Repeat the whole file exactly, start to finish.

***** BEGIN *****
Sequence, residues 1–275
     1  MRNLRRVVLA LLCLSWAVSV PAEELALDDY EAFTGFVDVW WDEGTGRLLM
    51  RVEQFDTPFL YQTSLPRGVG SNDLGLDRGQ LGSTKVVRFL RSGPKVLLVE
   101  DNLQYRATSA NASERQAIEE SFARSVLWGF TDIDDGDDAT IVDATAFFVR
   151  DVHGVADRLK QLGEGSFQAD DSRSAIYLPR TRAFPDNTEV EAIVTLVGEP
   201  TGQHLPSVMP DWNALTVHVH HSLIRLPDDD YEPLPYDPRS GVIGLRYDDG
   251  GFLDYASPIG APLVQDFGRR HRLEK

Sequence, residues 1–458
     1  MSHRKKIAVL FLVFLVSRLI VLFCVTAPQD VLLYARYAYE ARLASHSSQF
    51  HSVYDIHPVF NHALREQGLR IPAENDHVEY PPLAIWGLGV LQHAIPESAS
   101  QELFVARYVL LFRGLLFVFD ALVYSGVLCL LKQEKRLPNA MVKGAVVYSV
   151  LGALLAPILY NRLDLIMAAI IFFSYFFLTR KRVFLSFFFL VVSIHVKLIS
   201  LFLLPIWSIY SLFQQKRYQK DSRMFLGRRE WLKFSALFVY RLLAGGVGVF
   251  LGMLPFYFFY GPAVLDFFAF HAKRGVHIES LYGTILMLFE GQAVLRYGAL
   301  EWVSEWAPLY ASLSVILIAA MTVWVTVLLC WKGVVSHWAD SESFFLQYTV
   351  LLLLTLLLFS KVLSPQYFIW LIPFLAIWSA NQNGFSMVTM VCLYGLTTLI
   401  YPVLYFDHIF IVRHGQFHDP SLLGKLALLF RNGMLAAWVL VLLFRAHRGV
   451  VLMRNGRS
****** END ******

Sequence, residues 1–275
     1  MRNLRRVVLA LLCLSWAVSV PAEELALDDY EAFTGFVDVW WDEGTGRLLM
    51  RVEQFDTPFL YQTSLPRGVG SNDLGLDRGQ LGSTKVVRFL RSGPKVLLVE
   101  DNLQYRATSA NASERQAIEE SFARSVLWGF TDIDDGDDAT IVDATAFFVR
   151  DVHGVADRLK QLGEGSFQAD DSRSAIYLPR TRAFPDNTEV EAIVTLVGEP
   201  TGQHLPSVMP DWNALTVHVH HSLIRLPDDD YEPLPYDPRS GVIGLRYDDG
   251  GFLDYASPIG APLVQDFGRR HRLEK

Sequence, residues 1–458
     1  MSHRKKIAVL FLVFLVSRLI VLFCVTAPQD VLLYARYAYE ARLASHSSQF
    51  HSVYDIHPVF NHALREQGLR IPAENDHVEY PPLAIWGLGV LQHAIPESAS
   101  QELFVARYVL LFRGLLFVFD ALVYSGVLCL LKQEKRLPNA MVKGAVVYSV
   151  LGALLAPILY NRLDLIMAAI IFFSYFFLTR KRVFLSFFFL VVSIHVKLIS
   201  LFLLPIWSIY SLFQQKRYQK DSRMFLGRRE WLKFSALFVY RLLAGGVGVF
   251  LGMLPFYFFY GPAVLDFFAF HAKRGVHIES LYGTILMLFE GQAVLRYGAL
   301  EWVSEWAPLY ASLSVILIAA MTVWVTVLLC WKGVVSHWAD SESFFLQYTV
   351  LLLLTLLLFS KVLSPQYFIW LIPFLAIWSA NQNGFSMVTM VCLYGLTTLI
   401  YPVLYFDHIF IVRHGQFHDP SLLGKLALLF RNGMLAAWVL VLLFRAHRGV
   451  VLMRNGRS